Brazil's New Central Bank Chief Sails Through Confirmation

(Bloomberg) -- Brazil’s Senate approved President Jair Bolsonaro’s nominee to head the central bank on Tuesday evening.

Senators voted 55 to 6 with one abstention in favor of Roberto Campos Neto, following the unanimous backing of the upper chamber’s Economic Affairs Committee earlier in the day. The incoming bank chief ticked off several of the right boxes for investors, such as reaffirming the need for fiscal discipline, inflation control and central bank autonomy. In a signal of continuity, the long-time private sector banker even used an expression used by the current board in official statements: "caution, serenity, and perseverance."

Brazil's New Central Bank Chief Sails Through Confirmation

The grandson of a famous economist-turned politician who signed the decree creating the central bank, Campos Neto was known in financial circles. Yet unlike previous nominees, the 49-year-old had no record of academic papers or public speeches for investors to pore over. Uncertainty appears to have been laid to rest.

"Overall, the new central bank board inspires as much confidence and appears as credible as the departing one," said Alberto Ramos, chief economist for Latin America at Goldman Sachs. "The central bank will remain orthodox and conservative in policy making."

Swap contracts, which are a barometer of future interest rate moves, rose as Campos Neto affirmed his commitment to low inflation, though they pared gains in afternoon trading.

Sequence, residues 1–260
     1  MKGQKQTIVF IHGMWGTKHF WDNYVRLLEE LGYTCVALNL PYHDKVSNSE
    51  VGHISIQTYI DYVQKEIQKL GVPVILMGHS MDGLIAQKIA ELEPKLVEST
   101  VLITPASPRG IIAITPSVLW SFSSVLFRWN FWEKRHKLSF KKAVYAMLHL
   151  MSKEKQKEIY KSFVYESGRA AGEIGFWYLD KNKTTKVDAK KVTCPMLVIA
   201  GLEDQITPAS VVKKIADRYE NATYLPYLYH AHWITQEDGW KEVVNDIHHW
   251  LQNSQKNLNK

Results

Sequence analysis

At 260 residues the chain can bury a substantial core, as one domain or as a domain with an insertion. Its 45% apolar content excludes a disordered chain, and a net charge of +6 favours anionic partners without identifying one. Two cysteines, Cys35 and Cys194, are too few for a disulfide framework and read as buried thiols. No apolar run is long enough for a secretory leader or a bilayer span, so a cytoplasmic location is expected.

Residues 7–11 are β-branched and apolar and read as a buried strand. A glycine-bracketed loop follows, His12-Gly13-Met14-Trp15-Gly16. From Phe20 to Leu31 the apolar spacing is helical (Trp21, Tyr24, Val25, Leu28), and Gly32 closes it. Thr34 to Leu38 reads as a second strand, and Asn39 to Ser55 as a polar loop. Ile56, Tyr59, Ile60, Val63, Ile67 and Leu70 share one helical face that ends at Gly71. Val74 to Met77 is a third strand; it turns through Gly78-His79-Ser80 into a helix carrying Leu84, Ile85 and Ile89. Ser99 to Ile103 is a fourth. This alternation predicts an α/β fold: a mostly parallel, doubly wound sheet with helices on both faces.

Meet President Bolsonaro’s Nominee to Head Brazil’s Central Bank

Two other central bank director nominees also got the green light from the Senate -- Bruno Serra Fernandes for monetary policy and Joao Manoel Pinho de Mello for banking system organization. The new bank chief may take up his position as early as Thursday and all three will now participate in the next rate-setting meeting on March 20.

Small Government

Campos Neto, who was previously a treasurer at Santander, also dovetailed with the liberal line laid out by University of Chicago-trained Economy Minister Paulo Guedes, who advocates downsizing government and privatizing state assets.

"The Brazilian state has become too big and inefficient, and doesn’t meet the basic needs of the population," Campos Neto said. "It’s time to do more with fewer resources."

The central bank has done excellent work in controlling consumer prices since 2016, said Campos Neto, who vowed to continue pursuing inflation targets. Enshrining the monetary authority’s formal autonomy in law would further increase the institution’s credibility and boost the effectiveness of monetary policy, he said.

Between a more challenging global outlook and uncertainty over efforts to fix Brazil’s public finances, investors disagree as to whether a cut to the benchmark Selic rate is on the cards any time soon. Doves point to slow growth, on-target inflation expectations and decent prospects for a pension reform that would shrink a gaping budget deficit.

But economists at BNP Paribas aren’t convinced, as they see policy makers lifting the key rate this year amid a prolonged debate that’ll end up halving the projected savings from the pension bill.

To succeed in his first public-service role, Campos Neto will have to navigate Brazil’s turbulent political waters, said Hari Hariharan, chief executive officer of NWI Management LP. Still, his knowledge of local and international markets are second-to-none, he said.

"This is a Rolls-Royce that Brazil is getting for the central bank."

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